DIY Birdseed Ornaments

Bird Seed Ornaments
Bird Seed Ornaments

Crossing out several names on my Christmas list this year, I was left with a bird lover/watcher who I knew would appreciate homemade bird treat ornaments. Feeding hungry songbirds in winter is a great way for people to interact with nature and help birds get through the tough months of winter. Studies show that bird feeding produces significantly earlier egg laying dates, larger clutches of eggs, and higher chick weights across a wide range of bird species.

Bird Pecking at ornaments
Chickadee pecking at ornaments

My cookie cutters were drying on the counter top from cookie baking, and I decided to whip up a concoction of bird seed and gelatin and mold them into my favorite Christmas shapes, using  cookie cutters. A raffia hanger would complete the ornaments, so they could be hung from a nearby tree to enjoy watching the birds swooping in to eat. This project was so successful that I also branched out into making a wreath and other smaller shapes with cooking molds.

Ingredients for ornaments
Ingredients for ornaments

The process of making a super frugal hand-made gift with just bird seed, gelatin,  flour, corn syrup, and raffia, was done in an hour on a cold windy day. Laying out the ornaments to cure and air dry for a few days completed the process.  Requiring no skill and just a few ingredients, I made enough for myself also to enjoy. After hanging out my ornaments, I noticed the birds start to feed almost immediately.

I used every mold I had in the kitchen
I used every mold I had in the kitchen

Air dry your ornaments/wreaths for several days to harden
Air dry your ornaments/wreaths for several days to harden

I used a  general seed mix variety. You can also add dried/fresh fruit and meal worms, cracked corn, nuts, and pumpkin seeds, a great high fat source for songbirds.

nd cracked corn to the seed mixture
Add cracked corn and dried fruit to the seed mixture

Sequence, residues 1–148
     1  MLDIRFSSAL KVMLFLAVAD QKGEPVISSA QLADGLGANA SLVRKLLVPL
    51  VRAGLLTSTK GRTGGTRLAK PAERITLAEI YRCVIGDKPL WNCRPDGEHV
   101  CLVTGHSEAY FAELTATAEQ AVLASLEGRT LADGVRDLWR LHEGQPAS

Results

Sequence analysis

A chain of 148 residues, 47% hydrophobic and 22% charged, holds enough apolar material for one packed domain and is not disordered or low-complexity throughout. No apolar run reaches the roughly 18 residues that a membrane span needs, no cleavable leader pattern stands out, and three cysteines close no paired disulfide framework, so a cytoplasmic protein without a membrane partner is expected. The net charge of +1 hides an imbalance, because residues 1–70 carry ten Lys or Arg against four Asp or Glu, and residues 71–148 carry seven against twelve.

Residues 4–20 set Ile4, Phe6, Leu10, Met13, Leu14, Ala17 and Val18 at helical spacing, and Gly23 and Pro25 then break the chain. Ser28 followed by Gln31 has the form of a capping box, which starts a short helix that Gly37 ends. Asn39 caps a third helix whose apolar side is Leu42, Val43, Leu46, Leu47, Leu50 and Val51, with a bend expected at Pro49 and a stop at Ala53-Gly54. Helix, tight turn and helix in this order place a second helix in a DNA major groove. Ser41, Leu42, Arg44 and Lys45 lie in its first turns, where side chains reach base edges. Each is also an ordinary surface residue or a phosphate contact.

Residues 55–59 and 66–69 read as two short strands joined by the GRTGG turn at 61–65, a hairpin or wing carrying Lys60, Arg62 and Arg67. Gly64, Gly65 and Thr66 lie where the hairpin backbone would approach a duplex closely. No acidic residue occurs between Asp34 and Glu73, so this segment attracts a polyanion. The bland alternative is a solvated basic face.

When completed, pack the ornaments up attractively using burlap, tissue paper, and bows to show them off.

Attractively package up your ornaments
Attractively package up your ornaments
I added dried bay leaves and canella berries to add color
I added dried bay leaves and canella berries to add color to the gift package

Bird Seed Ornaments

Mix up bird seed with dried fruit, fresh cranberries, and mealworms for a nutritious snack for songbirds

Ingredients

  • 3-4 C Mixed Bird Seed Millet, Sunflower Seeds, Meal Worms, Cracked Corn, Peanuts, Dried Fruit, Nuts, Pumpkin Seeds
  • 1 Pkg of 4 Envelopes Unflavored Gelatin mixed into 3/4 C to 1 C warm water
  • 2 T Corn Syrup
  • 1/4 C Flour mixed into 1/3 C water

Instructions

  1. Spray your cookie cutters and/or bundt pan with non-stick spray and place on a foil covered cookie sheet. 

  2. Empty gelatin into a large bowl with warm water (1 Cup) until it forms a thick paste. Let this sit for 1 minute, stirring to dissolve. Add some more water if it is too thick.

    Dissolve gelatin in cold water
  3. Mix flour and water together in a small bowl to form a paste.

  4. Add corn syrup to the gelatin mixture, stirring.  Then add the flour paste, mixing thoroughly. This is the binder that gels the seeds together. It should be a thick gooey mass with some lumps. Add small amounts of water as needed.

  5. Mix in the bird seed, using just enough to cover all the bird seed.

  6. Fill the cookie cutters/wreath with the mixture and press into shape firmly. Don’t skimp this part- the more packed in you can get the cookie cutters and molds, the better they hold their shape. 

  7. Make a small hole with the skewer for the string or raffia in the ornaments. Leave the skewers in until the ornaments dry.

    Stick a skewer or dowel into the ornament to form a hanging hole
  8. Let cure/air dry for several days and they are ready to unmold. Do not double this recipe. I made two separate batches to make  4-5 ornaments and a wreath.  

  9. Let dry once you unmold for an additional day to harden. I did this in the cold air of outside.

Wreaths